There is a magic and beauty to wedding days that doesn’t have to be posed or fabricated. You can take photographs that are authentic and dynamic by drawing on classic documentary photography techniques. Join Tyler Wirken for a class exploring the practice of documentary-style wedding photography.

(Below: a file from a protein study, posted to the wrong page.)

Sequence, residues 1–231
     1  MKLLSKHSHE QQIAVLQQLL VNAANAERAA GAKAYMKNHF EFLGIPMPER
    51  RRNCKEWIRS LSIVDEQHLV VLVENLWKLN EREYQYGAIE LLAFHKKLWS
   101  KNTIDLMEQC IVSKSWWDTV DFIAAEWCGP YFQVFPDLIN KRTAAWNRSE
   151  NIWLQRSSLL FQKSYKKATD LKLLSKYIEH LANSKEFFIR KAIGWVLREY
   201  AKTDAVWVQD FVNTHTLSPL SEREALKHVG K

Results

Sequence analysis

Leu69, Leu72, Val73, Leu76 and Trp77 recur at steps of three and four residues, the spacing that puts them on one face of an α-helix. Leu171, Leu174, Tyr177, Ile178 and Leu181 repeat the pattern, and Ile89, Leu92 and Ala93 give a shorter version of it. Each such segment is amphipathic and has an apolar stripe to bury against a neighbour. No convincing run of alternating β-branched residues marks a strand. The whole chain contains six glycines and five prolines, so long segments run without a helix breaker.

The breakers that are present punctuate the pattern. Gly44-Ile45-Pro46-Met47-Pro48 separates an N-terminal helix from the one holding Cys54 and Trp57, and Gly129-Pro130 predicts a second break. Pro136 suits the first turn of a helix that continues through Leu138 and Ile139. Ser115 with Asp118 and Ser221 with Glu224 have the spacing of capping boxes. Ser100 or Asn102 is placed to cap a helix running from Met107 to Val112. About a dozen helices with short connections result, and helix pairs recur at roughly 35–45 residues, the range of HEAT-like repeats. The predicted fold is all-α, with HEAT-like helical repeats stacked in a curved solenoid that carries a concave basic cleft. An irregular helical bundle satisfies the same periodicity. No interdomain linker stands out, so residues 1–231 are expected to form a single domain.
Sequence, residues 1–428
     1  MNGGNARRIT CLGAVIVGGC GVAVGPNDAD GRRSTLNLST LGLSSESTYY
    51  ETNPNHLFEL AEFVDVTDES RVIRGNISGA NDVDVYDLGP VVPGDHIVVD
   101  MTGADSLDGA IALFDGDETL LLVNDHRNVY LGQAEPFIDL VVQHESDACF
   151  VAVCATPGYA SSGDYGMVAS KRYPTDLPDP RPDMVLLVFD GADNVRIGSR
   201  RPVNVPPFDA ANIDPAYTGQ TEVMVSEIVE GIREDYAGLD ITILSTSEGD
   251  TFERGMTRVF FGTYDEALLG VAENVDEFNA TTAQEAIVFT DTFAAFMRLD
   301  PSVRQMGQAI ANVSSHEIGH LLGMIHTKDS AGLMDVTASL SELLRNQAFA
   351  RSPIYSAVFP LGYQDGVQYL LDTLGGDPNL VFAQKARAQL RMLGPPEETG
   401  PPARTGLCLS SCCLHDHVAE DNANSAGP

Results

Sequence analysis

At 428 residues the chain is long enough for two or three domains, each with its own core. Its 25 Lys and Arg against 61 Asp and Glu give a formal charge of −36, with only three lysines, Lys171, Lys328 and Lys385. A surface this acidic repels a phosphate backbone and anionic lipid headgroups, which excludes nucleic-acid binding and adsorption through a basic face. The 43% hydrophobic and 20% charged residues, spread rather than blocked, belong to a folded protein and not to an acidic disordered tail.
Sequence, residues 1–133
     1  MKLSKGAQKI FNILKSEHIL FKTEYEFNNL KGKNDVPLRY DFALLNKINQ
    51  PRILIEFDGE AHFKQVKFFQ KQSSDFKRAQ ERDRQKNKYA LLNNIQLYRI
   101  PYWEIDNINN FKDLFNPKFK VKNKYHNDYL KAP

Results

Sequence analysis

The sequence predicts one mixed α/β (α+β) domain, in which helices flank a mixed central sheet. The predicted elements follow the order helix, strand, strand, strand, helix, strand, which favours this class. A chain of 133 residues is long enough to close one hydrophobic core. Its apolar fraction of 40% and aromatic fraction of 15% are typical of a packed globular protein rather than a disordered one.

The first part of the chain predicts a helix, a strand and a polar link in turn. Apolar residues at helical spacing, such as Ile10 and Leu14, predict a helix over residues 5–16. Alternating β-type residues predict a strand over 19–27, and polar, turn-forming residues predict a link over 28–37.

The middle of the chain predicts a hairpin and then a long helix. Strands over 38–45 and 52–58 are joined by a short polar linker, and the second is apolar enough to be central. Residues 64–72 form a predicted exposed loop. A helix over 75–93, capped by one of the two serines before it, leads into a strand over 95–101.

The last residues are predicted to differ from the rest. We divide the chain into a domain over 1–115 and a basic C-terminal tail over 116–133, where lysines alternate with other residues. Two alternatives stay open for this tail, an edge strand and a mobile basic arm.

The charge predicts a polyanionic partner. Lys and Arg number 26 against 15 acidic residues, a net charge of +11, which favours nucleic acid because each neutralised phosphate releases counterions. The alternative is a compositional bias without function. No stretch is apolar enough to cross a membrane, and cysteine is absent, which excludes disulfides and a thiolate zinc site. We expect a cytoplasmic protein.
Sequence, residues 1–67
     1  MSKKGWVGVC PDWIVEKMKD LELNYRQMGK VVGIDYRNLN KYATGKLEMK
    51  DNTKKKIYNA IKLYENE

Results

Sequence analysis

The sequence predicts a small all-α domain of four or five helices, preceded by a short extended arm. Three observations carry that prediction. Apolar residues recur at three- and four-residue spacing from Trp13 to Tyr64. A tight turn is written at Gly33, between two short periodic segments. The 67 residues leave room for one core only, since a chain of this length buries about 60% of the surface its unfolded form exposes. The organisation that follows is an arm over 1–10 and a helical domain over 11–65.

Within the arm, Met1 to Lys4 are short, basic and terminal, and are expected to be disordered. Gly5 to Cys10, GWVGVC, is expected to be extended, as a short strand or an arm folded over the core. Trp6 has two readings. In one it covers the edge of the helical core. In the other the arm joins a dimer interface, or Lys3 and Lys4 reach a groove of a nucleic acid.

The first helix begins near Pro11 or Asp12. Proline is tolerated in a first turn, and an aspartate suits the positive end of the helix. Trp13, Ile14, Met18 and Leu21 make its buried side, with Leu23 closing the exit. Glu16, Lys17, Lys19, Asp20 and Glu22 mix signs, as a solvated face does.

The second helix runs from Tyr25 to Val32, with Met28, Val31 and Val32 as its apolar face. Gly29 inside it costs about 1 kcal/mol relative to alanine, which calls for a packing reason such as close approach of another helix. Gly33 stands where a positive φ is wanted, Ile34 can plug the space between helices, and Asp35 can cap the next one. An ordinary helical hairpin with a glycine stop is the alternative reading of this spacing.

This course will teach you how to take unique, distinctive images that break away from standard styled shoots and set-up poses. Tyler will encourage you to think deeply about why we take wedding photos and then help you use those insights to create an actionable roadmap for getting the real moments during weddings. You’ll learn how to get up close and capture the more intimate moments of a couple’s wedding day without feeling like you’re intruding or disrupting. From being more present in the moment to getting through family photographs in twenty minutes to developing your one-of-a-kind perspective as a photographer, you’ll build strategies for ensuring the moments you capture are beautiful and real.